I thought that there was missing an act where you had a better explanation for the fall of Doc Ock.  He is one of the nicest people Peter knows, and the sudden swap in character drive is never really justified.  Mister Negative has more development.  Doc Ock is a genius level intellect here… and the steps he takes are quite mundane and without clear purpose.  His fall could have been much more dramatic if it was more in line with the game character, rather than the comic book character.

Overall

Still firmly believe that this is one of the best console games this generation.  It feels like a Spider-Man game should feel.  It’s fun to play, there’s a lot to do, and it tells a good story.

Putting it on Pause

Ion ran an AMA on Reddit on Friday.  One of the mods was nice enough to extract the tangible items from that event.

After reading that AMA, I decided to cancel my subscription.  The TLDR; answer is that I will wait until Blizzard actually launches Battle for Azeroth.  It sounds like a fun game.  I want to have fun.

Communication

“We need to do better”(R)

I kind of chuckled at this one.  The AMA is a good thing, and hats off to Blizz for doing it.  Cause there’s been nothing but crickets otherwise on a game that has had a large amount of bugs and daily hotfixes for over 2 months.  Is it hard to have client communications?  Yeah, it is.  But when you make a bajillion dollars, it’s not hard to hire someone to do just that.  T&E do a better job at this than Blizz.

Azerite Armor

Fully cognizant that the rewarding feeling is not there, and that there are many under tuned skills.  Great.  Not sure why this is news now.  DPS specs have a ton of options (some of various levels of interest) but tank/DPS have clearly better options than others.  This makes i370 items downgrades when compared to i340.  Ion agrees this is a problem that needs tuning.  (That word comes up often.)

That AP neck levels are a ridiculous gating mechanic for item upgrades.  The answer here is that everyone should be at level 18 neck and then this problem goes away, in addition to the 30% downtick in requirements every week.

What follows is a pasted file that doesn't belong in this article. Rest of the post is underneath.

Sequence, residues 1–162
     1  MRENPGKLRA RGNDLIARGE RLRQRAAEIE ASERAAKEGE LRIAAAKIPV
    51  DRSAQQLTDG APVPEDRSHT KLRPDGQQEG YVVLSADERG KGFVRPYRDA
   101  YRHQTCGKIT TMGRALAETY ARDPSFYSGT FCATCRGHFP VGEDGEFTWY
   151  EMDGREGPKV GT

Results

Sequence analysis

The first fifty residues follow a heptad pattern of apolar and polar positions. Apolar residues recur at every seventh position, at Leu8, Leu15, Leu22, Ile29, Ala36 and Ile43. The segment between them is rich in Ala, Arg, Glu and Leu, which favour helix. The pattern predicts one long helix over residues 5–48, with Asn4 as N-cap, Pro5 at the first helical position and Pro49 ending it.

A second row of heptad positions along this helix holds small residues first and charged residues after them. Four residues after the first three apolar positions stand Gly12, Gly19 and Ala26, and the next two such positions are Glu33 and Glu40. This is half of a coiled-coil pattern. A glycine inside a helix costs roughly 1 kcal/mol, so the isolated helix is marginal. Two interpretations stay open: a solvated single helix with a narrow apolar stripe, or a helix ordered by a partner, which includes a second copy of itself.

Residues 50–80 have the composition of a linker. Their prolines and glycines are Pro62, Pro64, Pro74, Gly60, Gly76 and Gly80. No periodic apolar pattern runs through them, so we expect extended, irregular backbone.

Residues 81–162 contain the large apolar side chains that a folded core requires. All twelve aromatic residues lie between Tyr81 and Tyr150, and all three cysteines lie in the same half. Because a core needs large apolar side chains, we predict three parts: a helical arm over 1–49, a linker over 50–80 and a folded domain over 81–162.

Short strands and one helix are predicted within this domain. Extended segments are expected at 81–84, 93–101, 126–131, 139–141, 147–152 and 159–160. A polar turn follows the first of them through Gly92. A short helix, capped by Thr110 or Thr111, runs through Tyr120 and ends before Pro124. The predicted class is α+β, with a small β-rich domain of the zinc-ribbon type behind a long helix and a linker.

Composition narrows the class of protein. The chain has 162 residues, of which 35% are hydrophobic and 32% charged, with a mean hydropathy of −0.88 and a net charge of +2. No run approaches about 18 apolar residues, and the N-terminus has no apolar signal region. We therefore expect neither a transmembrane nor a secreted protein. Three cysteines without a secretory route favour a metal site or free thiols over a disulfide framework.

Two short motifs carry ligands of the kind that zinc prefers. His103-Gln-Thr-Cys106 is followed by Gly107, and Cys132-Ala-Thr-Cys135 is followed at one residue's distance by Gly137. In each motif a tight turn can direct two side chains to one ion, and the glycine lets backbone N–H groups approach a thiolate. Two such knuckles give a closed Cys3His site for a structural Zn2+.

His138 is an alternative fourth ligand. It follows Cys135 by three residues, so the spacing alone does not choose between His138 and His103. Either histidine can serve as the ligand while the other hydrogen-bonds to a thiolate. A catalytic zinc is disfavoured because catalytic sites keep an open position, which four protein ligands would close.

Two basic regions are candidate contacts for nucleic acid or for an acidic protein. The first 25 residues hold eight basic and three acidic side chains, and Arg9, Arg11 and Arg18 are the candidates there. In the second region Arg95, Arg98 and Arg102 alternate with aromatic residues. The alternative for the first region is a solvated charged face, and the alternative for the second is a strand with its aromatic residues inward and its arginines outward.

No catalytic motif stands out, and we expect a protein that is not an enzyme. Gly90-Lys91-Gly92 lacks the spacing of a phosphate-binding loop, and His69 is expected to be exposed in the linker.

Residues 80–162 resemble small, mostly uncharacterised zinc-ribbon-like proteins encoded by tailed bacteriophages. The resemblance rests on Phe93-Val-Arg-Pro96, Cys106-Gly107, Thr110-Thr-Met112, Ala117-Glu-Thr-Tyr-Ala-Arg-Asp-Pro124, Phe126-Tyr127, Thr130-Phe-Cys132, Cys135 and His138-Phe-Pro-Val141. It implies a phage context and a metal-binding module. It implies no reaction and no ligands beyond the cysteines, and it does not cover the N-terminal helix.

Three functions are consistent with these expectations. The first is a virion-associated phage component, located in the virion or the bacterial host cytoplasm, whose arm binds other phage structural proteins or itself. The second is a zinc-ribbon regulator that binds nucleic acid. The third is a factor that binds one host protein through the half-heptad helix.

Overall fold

Which is honestly an odd statement, since the AP gains after the first ring of a piece of armor are unlocked are relatively minor.  Once you pass that point, AP has minimal value.  In Legion, very few people unlocked all 35 traits until there were large catch up mechanisms and AP value dropped.  Odd.

Island Expeditions

They feel under-rewarding (because they are), and a hotfix was applied to increase all rewards drop rates.  So better RNG I guess.  Which really isn’t the problem.

The issue that island expeditions are just go-go-go fests due to the pressure of the azerite ticker.  There was an acknowledgement of this, but no actual plans to change it.  There will eventually be more islands to explore, and more random events… but that’s not going to help.

Armchair here… but if they reduced the number of enemies on the island and had larger events with competition against the other team, that would allow for more strategic play.  e.g. Should we take on this boss over here, or head over to the other side and prevent the other team from taking on their target?  Right now, it’s about chain-AE everything on the island.

Faction Gating / Grind

That this is an artificial gating mechanism bound to WQs.  The Paragon system is coming back, where you get a back if you max out reputation and keep getting more.  No plans to have the factions across the account, or the exalted items be account-bound (for transmog).  Which is odd, since MoP really hit this one out of the park with commendations.

The Alt Grind

That leveling an alt has a double grind – reputation and AP levels.  Unless I am drastically reading this wrong, this is working as intended.  Re-leveling a faction on another character is something to look forward to.  Odd statement.  In particular since the Champions of Azeroth are the real “hard gate”.

AP gains will be managed through the catch up mechanism.  So I guess the message is hold off on alts for a little while.

Shamans

That aside from guilds, Shamans are actively being ignored/removed from groups due to their perceived uselessness.  Kind of goes for Ferals as well in M+, since they have no real AE.  The changes required here are too large for a hotfix and will be in a patch.  There’s certainly a point of perception, but that usually is enough to become reality.  It’s really too bad for people impacted by this, and Blizzard really should have addressed this fully by now.  Guess another 2 months before we see any real change… and by then, I wonder if the stigma will leave.